Every breath you take
Every move you make
Every bond you break
Every step you take
I'll be watching you............
Every Breath You Take
Written by Sting
Leah stopped singing when she reached the fork in the path. She pushed up her Twins cap and swiped her forehead with the back of her arm. Her t-shirt stuck to her skin, soaked through with perspiration. Rivulets trickled down her back; she squirmed against a growing pool of sweat at the waistband of her shorts. With a deep breath of hot, humid forest air, she reminded herself that had she been, at that very moment, back in Minnesota, she would most likely be freezing; instead of trotting through the forest, she would be stomping snow off her boots. This, she thought with a grin, is certainly preferable to that.
She peered down one path, then the other; her eyes could follow the trails only so far before they disappeared into the thick growth. Somewhere in the distance, she caught the low rumble of a big cat, probably the jaguar. The jaguar. The same one she always heard when she traversed this part of the forest. Over the months she had been there, Leah learned to differentiate between sounds. This sound was, in an odd way, comfortingly familiar. Hector told her about the cat: he belonged to the Mamacuna, was very well fed, and for all intents and purposes, rather tame. Although she had never seen him, she heard his deep, rumbly voice with great regularity. Leah suspected he kept his eye on her much the way the villagers kept their collective eye on her. She couldn't always see who was watching her movements through the forest, but she knew she was always watched. She didn't mind. "Okay, Hector," Leah said out loud, "where are the steles?" She looked down the path to the left, then checked the map again. "That's gotta be it," she muttered as she readjusted her pack.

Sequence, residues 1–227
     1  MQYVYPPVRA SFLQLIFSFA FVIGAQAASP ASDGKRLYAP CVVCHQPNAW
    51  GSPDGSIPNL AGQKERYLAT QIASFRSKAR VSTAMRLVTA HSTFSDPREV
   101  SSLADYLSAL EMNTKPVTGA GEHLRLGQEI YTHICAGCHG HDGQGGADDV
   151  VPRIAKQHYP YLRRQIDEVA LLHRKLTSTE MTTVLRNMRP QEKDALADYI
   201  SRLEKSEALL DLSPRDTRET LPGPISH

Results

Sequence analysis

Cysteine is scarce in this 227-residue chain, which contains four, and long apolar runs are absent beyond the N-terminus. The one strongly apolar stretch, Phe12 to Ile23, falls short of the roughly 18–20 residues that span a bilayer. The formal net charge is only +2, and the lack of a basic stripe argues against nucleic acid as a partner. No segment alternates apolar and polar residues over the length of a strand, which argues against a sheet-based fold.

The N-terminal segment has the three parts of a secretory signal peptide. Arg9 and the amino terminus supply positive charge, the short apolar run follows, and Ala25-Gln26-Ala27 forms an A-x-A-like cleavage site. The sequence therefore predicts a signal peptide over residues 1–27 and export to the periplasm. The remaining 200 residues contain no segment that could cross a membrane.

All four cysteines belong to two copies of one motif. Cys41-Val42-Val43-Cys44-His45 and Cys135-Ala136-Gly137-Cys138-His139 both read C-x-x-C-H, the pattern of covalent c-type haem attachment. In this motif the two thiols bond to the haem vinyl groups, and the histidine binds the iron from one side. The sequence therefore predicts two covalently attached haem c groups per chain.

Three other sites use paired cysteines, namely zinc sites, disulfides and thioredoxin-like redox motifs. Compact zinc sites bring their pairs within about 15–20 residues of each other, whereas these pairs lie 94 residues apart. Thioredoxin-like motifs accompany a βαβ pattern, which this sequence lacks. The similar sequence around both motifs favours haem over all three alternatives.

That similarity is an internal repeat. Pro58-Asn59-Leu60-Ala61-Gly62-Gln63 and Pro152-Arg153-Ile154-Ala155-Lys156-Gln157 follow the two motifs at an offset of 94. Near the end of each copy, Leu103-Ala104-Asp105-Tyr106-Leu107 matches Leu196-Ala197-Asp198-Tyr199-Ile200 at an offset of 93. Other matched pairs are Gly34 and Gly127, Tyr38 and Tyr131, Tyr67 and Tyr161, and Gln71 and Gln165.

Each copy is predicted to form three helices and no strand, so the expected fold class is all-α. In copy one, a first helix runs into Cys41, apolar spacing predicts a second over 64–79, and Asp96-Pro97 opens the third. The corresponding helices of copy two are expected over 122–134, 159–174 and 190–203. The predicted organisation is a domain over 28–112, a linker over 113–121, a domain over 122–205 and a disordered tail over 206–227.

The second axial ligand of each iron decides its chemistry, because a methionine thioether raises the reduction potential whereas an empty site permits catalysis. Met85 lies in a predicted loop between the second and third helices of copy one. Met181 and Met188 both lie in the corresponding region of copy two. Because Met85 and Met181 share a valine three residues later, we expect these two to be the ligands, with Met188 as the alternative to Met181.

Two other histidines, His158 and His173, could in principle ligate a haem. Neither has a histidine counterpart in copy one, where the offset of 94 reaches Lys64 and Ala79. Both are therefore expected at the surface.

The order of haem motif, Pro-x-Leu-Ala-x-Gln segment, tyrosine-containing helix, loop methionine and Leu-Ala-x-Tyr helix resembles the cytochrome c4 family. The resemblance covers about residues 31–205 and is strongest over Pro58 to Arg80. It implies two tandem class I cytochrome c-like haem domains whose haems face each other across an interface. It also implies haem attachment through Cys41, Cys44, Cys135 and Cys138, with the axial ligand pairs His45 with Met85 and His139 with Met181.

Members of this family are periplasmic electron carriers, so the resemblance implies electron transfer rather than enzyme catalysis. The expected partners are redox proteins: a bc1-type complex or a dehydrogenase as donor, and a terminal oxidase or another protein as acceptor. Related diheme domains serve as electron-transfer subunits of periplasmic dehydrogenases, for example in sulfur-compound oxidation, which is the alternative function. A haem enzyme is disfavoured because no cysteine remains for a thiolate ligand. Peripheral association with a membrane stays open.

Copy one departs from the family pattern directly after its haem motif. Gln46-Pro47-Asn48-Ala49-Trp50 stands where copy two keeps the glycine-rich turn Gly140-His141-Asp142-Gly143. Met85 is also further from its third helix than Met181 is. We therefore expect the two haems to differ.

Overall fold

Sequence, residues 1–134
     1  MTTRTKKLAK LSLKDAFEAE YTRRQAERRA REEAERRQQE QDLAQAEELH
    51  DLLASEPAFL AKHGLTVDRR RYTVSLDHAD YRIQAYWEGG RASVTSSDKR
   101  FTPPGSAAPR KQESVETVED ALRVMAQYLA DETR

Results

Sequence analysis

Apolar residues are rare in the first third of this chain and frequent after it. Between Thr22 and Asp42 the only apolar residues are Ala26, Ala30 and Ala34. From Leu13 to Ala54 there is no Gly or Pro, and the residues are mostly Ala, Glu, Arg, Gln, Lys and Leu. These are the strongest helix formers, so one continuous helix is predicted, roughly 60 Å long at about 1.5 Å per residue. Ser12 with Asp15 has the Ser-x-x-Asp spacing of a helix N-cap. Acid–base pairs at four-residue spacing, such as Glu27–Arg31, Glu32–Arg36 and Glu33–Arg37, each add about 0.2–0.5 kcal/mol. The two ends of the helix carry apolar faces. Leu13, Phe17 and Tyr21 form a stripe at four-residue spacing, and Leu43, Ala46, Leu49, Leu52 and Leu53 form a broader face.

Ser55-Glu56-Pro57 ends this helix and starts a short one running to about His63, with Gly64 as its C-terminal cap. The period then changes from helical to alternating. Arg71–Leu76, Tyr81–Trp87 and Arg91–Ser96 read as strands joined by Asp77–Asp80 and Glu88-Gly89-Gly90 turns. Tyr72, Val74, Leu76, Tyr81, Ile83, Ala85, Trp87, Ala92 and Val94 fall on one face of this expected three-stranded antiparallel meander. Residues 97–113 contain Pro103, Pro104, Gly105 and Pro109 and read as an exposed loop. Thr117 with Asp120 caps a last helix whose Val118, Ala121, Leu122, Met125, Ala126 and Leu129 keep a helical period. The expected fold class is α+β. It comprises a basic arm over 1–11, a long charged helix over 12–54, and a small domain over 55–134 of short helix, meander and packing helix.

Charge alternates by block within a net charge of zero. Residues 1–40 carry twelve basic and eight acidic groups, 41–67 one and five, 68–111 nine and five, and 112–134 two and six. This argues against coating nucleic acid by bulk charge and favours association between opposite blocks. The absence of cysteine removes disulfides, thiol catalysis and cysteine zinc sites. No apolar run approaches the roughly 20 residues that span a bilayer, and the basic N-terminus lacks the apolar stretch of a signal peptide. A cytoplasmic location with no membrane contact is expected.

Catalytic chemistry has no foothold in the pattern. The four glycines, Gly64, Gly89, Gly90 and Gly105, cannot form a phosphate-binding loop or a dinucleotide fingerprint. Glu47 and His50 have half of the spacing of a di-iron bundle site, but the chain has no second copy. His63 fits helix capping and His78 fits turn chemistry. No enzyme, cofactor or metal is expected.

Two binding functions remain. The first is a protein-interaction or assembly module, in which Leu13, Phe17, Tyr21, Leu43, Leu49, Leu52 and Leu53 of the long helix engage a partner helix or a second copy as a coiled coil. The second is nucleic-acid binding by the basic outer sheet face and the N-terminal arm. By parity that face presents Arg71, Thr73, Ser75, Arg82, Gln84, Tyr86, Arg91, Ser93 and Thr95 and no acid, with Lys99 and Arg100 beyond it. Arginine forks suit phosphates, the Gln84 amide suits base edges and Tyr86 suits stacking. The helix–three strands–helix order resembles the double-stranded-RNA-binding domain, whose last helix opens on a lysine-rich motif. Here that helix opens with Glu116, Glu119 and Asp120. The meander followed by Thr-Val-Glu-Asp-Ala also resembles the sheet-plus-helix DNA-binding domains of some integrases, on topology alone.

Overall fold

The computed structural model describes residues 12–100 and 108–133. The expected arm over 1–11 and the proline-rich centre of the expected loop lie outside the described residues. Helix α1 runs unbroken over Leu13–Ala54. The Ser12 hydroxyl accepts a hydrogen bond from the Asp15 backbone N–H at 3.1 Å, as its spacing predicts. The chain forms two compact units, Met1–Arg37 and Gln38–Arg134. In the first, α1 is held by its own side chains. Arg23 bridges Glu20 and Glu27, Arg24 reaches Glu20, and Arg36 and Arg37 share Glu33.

A chain of accidents, beginning almost twenty years earlier, brought Leah to this peaceful world. Dr. Hector Morales stumbled onto the people when he fled Trujillo after the great earthquake. He was permitted to stay because he convinced their high priestess he would not reveal where he found them. He remained with the people for three months before he felt ready to return to what was left of his home. There, he resumed his research in urban epidemiology, but every chance he had, he ran back to the forest.
In time, Hector found he could no longer divide his time between Trujillo and the people he had come to love. He closed up his laboratory, resigned from the hospital, and found the perfect place to perch a small clinic. From there, he could tend the people while keeping one foot in the modern world. He devoted his days to the clinic, but at night he worked in his little lab and wrote long papers on the transmission of tropical disease.